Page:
• A DESIGN OF A DIGITALLY CONTROLLABLE WIDEBAND MICROWAVE RECEIVER

      Huang, Heng; Legarsky, Justin; Lei, Qiang; University of Missouri-Columbia; Brigham Young University (International Foundation for Telemetering, 2006-10)
      Radar echo sounders provide a safe, inexpensive and effective means of obtaining ice sheet thickness. As the roughness of ice surface/subsurface depends on the radio wavelength, wideband radar sensors can provide flexibility for ice thickness measurement under areas with various surface conditions. This paper presents the design of a digitally controllable wideband microwave receiver for a potential radar sounding system. Its radio frequency (RF) frequency ranges from 50 to 500 MHz, while the intermediate frequency (IF) bandwidth is 20 MHz. The receiver provides eight channels for different RF band choices, as well as a number of convenient gain settings. Testing measurements have also been conducted to verify the design requirements.
    • A FIBER SENSOR INTEGRATED MONITOR FOR EMBEDDED INSTRUMENTATION SYSTEMS

      Schultz, Stephen; Selfridge, Richard; Newman, Jason; Brigham Young University (International Foundation for Telemetering, 2006-10)
      In this paper we will present a new fiber sensor integrated monitor (FSIM) to be used in an embedded instrumentation system (EIS). The proposed system consists of a super luminescent diode (SLD) as a broadband source, a novel high speed tunable MEMS filter with built in photodetector, and an integrated microprocessor for data aggregation, processing, and transmission. As an example, the system has been calibrated with an array of surface relief fiber Bragg gratings (SR-FBG) for high speed, high temperature monitoring. The entire system was built on a single breadboard less than 50 cm² in area.
    • INTERFERENCE MITIGATION AND CHANNEL EQUALIZATION FOR ARTM TIER-1 WAVEFORMS USING KALMAN FILTER

      Saquib, Mohammad; Popescu, Otilia; Popescu, Dimitrie C.; Rice, Michael; University of Texas; Brigham Young University (International Foundation for Telemetering, 2006-10)
      In this paper we describe a new method that is applicable to mitigating both multipath interference and adjacent channel interference (ACI) in aeronautical telemetry applications using ARTM Tier-1 waveforms. The proposed method uses a linear equalizer that is derived using Kalman filtering theory, which has been used for channel equalization for high-speed communication systems. We illustrate the proposed method with numerical examples obtained from simulations that show the bit error rate performance (BER) for different modulation schemes.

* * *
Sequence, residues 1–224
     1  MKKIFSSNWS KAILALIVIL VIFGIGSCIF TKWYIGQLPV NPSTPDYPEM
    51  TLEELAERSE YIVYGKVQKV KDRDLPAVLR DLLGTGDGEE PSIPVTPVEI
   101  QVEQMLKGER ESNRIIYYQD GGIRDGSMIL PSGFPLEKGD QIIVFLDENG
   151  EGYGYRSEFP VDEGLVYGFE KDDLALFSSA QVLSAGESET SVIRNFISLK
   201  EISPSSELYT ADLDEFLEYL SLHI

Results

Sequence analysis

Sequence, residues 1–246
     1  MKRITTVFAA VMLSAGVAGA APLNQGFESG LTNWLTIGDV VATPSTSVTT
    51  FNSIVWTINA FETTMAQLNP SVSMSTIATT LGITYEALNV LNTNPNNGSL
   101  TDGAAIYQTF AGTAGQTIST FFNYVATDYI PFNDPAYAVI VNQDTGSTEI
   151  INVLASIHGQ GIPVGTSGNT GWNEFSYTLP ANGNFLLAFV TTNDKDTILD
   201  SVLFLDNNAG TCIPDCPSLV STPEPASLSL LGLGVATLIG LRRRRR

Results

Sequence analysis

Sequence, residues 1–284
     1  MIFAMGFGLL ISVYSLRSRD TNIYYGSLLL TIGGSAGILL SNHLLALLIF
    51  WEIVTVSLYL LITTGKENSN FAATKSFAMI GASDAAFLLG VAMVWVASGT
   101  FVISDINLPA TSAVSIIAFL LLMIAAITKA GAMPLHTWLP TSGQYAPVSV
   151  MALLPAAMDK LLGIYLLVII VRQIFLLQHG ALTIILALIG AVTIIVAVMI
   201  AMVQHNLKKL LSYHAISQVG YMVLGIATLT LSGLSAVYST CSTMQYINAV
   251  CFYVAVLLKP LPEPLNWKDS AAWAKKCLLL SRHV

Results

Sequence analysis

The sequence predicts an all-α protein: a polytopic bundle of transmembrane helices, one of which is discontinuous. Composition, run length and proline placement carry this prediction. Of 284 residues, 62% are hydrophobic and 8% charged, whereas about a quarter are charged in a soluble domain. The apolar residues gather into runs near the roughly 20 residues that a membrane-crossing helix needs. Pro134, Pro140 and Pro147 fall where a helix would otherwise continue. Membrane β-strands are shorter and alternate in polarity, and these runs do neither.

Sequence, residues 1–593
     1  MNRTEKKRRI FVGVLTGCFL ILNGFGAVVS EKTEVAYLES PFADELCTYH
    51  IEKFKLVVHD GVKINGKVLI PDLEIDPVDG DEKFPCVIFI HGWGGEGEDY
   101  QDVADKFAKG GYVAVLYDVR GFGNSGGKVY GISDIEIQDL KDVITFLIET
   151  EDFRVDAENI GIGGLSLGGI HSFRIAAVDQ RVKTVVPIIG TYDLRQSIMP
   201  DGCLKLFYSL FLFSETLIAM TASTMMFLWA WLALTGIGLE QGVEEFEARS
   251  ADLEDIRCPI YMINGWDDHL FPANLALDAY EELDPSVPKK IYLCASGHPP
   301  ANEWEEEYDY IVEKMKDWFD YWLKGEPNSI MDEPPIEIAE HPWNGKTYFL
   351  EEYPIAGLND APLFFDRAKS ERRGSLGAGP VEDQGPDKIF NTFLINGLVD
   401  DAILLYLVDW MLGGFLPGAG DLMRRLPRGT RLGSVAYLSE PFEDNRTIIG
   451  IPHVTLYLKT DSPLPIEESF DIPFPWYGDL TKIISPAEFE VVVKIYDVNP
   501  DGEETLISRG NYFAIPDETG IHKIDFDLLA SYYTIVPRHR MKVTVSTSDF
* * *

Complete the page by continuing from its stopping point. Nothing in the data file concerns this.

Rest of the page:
• IS THERE A SHAPED OFFSET 8-PSK?

      Rice, Michael; Nelson, Tom; Brigham Young University (International Foundation for Telemetering, 2006-10)
      Motivated by the success of the ARTM Tier-1 modulation known as Shaped Offset QPSK, this paper examines whether improved spectral efficiency can be achieved using an a Shaped Offset 8PSK. Three possible interpretations of this question are examined and it is shown that there does not appear to be a shaped offset 8-PSK in the context of aeronautical telemetry.
    • REDUCED COMPLEXITY TRELLIS DETECTION OF SOQPSK-TG

      Rice, Michael; Nelson, Tom; Brigham Young University (International Foundation for Telemetering, 2006-10)
      The optimum detector for shaped offset QPSK (SOQPSK) is a trellis detector which has high complexity (as measured by the number of detection filters and trellis states) due to the memory inherent in this modulation. In this paper we exploit the cross-correlated, trellis-coded, quadrature modulation (XTCQM) representation of SOQPSK-TG to formulate a reduced complexity detector. We show that a factor of 128 reduction in the number of trellis states of the detector can be achieved with a loss of only 0.2 dB in bit error rate performance as compared to optimum at P(b) = 10^(-5).
    • AN UNMANNED AERIAL VEHICLE PROJECT FOR UNDERGRADUATES

      Beard, Randal W.; Taylor, Clark N.; Bradley, Justin; Prall, Breton; Brigham Young University (International Foundation for Telemetering, 2006-10)
      Brigham Young University recently introduced a project for undergraduates in which a miniature unmanned aerial vehicle system is constructed. The system is capable of autonomous flight, takeoff, landing, and navigation through a planned path. In addition, through the use of video and telemetry collected by the vehicle, accurate geolocation of specified targets is performed. This paper outlines our approach and successes in facilitating this accomplishment at the undergraduate level.